Introduction: The introduction of injectable vaccines targeting new diseases into childhood immunization programs has resulted in the need for combination vaccines to reduce the number of injections given during early childhood and maintain acceptability of targeting multiple pathogens by vaccination. Currently, there is only one licensed hexavalent combination vaccine which targets diphtheria, polio, tetanus, Haemophilus influenzae type b, hepatitis B and pertussis. A new, fully liquid formulation hexavalent vaccine ( Hexaxim ) has been developed and is currently undergoing licensure for use in childhood immunization programs. Areas covered: Safety and immunogenicity studies of Hexaxim have been undertaken in a diversity of settings, been evaluated with different dosing schedules and in comparison to the other licensed hexavalent vaccine (Infanrix hexa). This review of published journal articles and conference proceeding is focused on the studies in which Hexaxim has been evaluated and which are contributing to its pending licensure. Non-inferiority was demonstrated at the level of proportion of children developing seroprotective titers or showing seroconversion following the primary series of vaccine compared to the same target-antigens included in licensed combination vaccines. Also, Hexaxim was associated with a favorable safety and tolerability profile when administered during the first 6 months of life. Adequate and robust memory responses were elicited following a booster dose in the second year of life. Expert opinion: The development of new hexavalent combination vaccines targeting established pathogens is likely to assist in improving compliance and timeliness of vaccination in infants. These formulations will, however, need to be monitored for medium- and long-term effectiveness amidst growing concern of waning immunity against diseases such as pertussis when using acellular-pertussis vaccine and possibly hepatitis B when using combination vaccines. Nevertheless, the development of such combination vaccines remains necessary to help with the introduction of other new vaccines into an already crowded childhood immunization schedules.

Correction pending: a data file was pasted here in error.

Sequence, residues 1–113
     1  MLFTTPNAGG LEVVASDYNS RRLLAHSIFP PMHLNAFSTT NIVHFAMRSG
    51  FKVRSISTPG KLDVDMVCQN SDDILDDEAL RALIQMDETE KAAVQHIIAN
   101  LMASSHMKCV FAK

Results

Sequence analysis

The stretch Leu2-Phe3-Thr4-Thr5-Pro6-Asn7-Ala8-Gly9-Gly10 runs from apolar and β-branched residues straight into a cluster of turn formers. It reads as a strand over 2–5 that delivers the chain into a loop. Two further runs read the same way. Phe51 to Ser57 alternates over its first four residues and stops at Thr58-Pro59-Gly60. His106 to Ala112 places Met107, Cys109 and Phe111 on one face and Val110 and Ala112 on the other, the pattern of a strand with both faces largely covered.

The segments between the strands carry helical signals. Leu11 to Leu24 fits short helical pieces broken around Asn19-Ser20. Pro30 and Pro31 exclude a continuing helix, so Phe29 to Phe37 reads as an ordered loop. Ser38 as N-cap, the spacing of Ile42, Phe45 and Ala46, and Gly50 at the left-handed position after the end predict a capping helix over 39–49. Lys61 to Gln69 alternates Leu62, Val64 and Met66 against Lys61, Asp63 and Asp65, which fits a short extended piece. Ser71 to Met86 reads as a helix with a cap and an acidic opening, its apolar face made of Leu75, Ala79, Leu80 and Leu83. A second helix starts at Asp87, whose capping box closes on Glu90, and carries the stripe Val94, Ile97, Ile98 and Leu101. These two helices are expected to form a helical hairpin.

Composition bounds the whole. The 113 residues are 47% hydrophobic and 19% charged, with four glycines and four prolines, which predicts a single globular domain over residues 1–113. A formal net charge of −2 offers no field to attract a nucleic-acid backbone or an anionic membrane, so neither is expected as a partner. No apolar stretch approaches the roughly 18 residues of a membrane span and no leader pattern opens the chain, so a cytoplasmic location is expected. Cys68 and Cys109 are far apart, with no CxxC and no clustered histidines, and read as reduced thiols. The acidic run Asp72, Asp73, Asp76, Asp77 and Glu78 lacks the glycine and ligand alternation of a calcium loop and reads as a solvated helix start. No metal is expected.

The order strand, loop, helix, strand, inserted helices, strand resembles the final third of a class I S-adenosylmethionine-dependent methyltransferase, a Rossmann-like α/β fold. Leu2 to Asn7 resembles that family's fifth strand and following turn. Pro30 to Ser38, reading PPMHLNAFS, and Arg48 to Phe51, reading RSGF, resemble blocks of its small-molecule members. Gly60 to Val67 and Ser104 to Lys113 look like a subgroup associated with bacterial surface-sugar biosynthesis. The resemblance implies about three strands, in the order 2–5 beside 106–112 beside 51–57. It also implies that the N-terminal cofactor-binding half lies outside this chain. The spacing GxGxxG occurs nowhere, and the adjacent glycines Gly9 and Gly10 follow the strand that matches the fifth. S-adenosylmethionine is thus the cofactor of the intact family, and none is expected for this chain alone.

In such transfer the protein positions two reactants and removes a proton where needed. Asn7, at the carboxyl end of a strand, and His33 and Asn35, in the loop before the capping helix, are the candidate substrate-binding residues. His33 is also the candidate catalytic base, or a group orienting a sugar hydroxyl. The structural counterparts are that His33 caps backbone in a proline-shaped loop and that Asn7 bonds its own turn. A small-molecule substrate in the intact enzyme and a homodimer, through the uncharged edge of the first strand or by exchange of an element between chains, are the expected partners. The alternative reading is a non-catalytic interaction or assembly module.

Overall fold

Many children are affected by recurrent lower respiratory tract infections (LRTIs), but the majority of them do not suffer from serious lung or extrapulmonary disease. The challenge for clinicians is to distinguish the recurrent RTIs with self-limiting or minor problems from those with underlying disease. The aim of this review is to describe a practical approach to children with recurrent LRTIs that limits unnecessary, expensive and time-consuming investigations. The children can be divided into three groups on the basis of their personal and family history and clinical findings: 1) otherwise healthy children who do not need further investigations; 2) those with risk factors for respiratory infections for whom a wait-and-see approach can be recommended; and 3) those in whom further investigations are mandatory. However, regardless of the origin of the recurrent LRTIs, it is important to remember that prevention by means of vaccines against respiratory pathogens (i.e. type b Haemophilus influenzae, pertussis, pneumococcal and influenza vaccines) can play a key role.